Students voice concerns over budget cuts

Posted on 10 October 2017 by Ian Schrauth

Speakers, board members butt heads during open forum section of Board of Trustees meeting

 

By: Tania Robin
Staff Writer

 

The Student Social Action Committee (SSAC) represented Meramec’s student body at the Sept. 28 Board of Trustees meeting at the Harrison Education Center in north St. Louis.1

Over 50 STLCC students made an appearance at the public forum, a much larger turnout than the board was expecting, evidenced by the lack of available space in the meeting room. An overflow room allowed those who could not be accommodated in the first room to watch the meeting via live television feed with a two minute audio delay. Chancellor Pittman was surprised at the turnout and said in a later interview that he was happy students want to be informed and involved in the
school’s proceedings.

“It’s very important for students to participate in the college’s government structure,” said Pittman. “Their input was very much appreciated by the trustees and myself.”

Members of SSAC were given the opportunity to speak alongside faculty during the open floor portion at the end of the board meeting. Most students addressed fears in reference to Chancellor Pittman’s summer announcement that the budget cuts will likely result in a reduction of full-time faculty.

“I’m here to represent all students and faculty who can’t be here today,” said SSAC president Xavier Phillips. “All we are asking is that you do what’s right. Don’t do what’s easy. Make the right choice.”

Student Emily Calton spent three to four hours protesting after class for several weeks leading up to the meeting. Calton said it was important to help educate other students about budget cuts, program cuts and how professors will lose their jobs.

“My professors inspire all the students and myself to reach for the stars and to work hard for the education we deserve. [They] truly care about what they teach and the ways they teach,” said Calton. “That’s why I’m here, on behalf of my professors and
my school.”

Music student Amber Buckner, who commuted three hours to attend the meeting, couldn’t attend school in person this fall due to a recent surgery. She told the board about how her professors accommodated her medical needs and helped her start the semester remotely. Prior to the meeting, Buckner created flyers encouraging other students to attend in order to help their professors and save the education they love and depend on.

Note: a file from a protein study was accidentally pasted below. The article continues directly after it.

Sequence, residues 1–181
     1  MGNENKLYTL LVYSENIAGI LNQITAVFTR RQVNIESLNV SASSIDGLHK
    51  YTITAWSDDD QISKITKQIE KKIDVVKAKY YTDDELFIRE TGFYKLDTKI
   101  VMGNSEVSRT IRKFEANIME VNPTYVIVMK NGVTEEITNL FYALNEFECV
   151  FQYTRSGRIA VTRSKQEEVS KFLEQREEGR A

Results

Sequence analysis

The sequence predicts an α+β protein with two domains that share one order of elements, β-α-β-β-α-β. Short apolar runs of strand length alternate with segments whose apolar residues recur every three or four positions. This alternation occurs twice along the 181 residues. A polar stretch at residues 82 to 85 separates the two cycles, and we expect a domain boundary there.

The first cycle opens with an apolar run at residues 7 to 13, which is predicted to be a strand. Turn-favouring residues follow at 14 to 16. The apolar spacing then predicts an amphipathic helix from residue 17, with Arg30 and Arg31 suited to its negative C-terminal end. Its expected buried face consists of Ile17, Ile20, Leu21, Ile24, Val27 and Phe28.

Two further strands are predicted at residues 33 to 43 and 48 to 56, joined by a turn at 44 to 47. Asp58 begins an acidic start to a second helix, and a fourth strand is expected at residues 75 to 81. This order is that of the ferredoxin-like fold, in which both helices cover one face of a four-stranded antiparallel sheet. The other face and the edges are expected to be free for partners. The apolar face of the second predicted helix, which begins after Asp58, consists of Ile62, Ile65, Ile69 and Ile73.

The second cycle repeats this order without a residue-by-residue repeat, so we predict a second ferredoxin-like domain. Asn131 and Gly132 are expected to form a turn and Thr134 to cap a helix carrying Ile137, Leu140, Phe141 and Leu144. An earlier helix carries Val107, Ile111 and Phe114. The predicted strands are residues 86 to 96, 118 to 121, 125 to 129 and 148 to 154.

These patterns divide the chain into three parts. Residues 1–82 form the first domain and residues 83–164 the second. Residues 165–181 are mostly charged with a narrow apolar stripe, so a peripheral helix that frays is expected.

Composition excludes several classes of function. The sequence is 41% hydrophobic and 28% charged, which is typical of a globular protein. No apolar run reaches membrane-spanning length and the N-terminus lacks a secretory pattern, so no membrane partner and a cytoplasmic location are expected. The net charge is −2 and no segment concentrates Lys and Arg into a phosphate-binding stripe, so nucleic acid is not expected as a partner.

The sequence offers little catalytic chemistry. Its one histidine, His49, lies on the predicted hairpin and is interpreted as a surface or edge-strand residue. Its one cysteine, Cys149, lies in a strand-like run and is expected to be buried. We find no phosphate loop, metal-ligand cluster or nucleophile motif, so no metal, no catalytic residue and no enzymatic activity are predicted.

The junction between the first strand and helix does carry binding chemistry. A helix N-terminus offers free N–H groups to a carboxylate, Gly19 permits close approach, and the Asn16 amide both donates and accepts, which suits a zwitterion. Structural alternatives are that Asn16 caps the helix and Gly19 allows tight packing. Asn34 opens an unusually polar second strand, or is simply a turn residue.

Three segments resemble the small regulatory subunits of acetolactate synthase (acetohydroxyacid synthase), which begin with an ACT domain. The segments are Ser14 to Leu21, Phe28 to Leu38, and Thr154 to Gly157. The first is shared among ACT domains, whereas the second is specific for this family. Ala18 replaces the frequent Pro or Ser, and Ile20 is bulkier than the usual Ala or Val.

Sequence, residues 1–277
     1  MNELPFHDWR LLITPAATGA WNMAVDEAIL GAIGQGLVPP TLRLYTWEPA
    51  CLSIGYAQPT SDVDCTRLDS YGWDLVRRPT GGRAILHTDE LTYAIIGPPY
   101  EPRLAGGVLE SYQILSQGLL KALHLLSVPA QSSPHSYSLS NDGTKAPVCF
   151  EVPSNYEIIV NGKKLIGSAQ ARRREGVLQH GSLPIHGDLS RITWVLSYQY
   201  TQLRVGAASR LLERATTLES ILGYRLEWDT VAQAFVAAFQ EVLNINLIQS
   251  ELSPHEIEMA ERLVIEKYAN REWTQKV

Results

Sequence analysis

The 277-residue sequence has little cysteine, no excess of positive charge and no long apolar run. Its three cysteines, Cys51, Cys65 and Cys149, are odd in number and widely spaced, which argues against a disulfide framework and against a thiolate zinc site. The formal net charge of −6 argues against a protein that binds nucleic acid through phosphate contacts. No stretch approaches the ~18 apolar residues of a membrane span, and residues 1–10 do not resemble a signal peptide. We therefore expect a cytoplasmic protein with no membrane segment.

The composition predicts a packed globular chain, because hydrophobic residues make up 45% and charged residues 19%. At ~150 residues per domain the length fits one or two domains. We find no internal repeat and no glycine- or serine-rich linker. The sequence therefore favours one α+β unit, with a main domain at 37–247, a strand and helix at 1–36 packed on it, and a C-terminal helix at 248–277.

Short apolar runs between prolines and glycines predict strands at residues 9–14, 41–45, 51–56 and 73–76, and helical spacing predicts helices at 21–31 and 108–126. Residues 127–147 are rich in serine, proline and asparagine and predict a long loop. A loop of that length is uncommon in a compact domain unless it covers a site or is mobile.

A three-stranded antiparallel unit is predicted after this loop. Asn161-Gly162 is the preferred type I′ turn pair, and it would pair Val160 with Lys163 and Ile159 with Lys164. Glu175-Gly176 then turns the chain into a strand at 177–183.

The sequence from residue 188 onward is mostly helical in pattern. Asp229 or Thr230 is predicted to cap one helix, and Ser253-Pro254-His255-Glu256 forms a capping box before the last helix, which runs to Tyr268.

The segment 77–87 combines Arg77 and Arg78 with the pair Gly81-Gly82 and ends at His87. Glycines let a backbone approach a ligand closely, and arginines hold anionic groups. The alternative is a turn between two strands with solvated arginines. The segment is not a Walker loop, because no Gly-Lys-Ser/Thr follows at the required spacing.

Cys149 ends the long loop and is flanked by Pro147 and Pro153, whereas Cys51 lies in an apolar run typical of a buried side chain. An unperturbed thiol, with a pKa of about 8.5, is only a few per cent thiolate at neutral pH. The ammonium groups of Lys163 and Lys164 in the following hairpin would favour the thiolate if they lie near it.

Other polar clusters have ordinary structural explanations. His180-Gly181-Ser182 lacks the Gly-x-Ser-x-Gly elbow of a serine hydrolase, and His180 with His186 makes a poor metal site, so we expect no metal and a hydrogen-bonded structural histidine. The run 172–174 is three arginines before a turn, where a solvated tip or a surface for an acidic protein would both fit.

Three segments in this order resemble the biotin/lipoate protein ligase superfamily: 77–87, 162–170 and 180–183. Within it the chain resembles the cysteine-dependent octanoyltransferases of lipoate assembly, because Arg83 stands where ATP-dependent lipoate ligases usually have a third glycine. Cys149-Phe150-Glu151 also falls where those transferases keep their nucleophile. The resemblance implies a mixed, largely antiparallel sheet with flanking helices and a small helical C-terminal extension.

“At Meramec, the college feels like a warm community. The professors give students hope, inspiration, and makes them see they can succeed,” said Buckner.

Buckner’s mother, Kathy Buckner, attended the meeting alongside her daughter. Kathy Buckner is a Meramec alumna who met her husband at Meramec. She spoke to the board about how STLCC plays a central role in the community, but also brought to the attention of the entire room that some board members were preoccupied during the meeting.

“You really bother me that you’re not even giving some of the faculty members the courtesy of paying attention,” said Kathy Buckner. “You’re in charge…and you can’t even give people the respect to pay attention? To your own staff? That’s kind of disgusting
in my opinion.”

Chancellor Pittman responded to the incident in an interview. He said that he had heard a student quote an incorrect statistic during the forum and was attempting to find the source of the misinformation.

“One student said we were going to cut 70 percent of full-time faculty,” said Pittman. “Where are they getting that information? Who’s saying these kinds of things? It was more of how do we get to the bottom of this confusion. It just wasn’t accurate and I assume it came from somewhere.”

Pittman said he did not intend to appear rude, and called the incident, “a good etiquette lesson.”

Several speakers later Chairwoman Doris Graham paused the forum to announce that she had received a handwritten note from a fellow board member. The note, which she held up for the audience to see, said that many of the speeches were “redundant.” She then said that normally they would end speeches at that point but today she would allow the remaining nine speakers their turns.

“One of the trustees thought we’re hearing the same things over and over again and was trying to make it more streamlined, saying if you have anything new to say it would be more valuable. The trustee was just trying to expedite,” said Pittman.

Amber Buckner said she was hurt by the statement.

“I didn’t think that was necessary for the trustees to share that handwritten note with their audience who spent time speaking to them just moments ago,” said Amber Buckner.

Calton was also upset by the behavior of the Board of Trustees. In addition to phone use and the note, she also said that board members responded to speakers in a “rude tone.”

“It was very immature of them,” said Calton. “We sat there for two hours and listened to them. They couldn’t even listen for two minutes.”

The meeting officially ended after three and a half hours. The board thanked students for attending and sharing their experience. Chancellor Pittman suggested students organize themselves in Jefferson City to “show our governor why STLCC needs to stay the way it is for students, faculty and future students.” He also suggested calling or writing to representatives.

“I’d be willing to work with [SSAC]. How we communicate with legislators is important and I can craft language for them to communicate in a professional manner,” said Pittman. “We need to channel this passion into helping our legislators understand how important STLCC is to St. Louis.”

 

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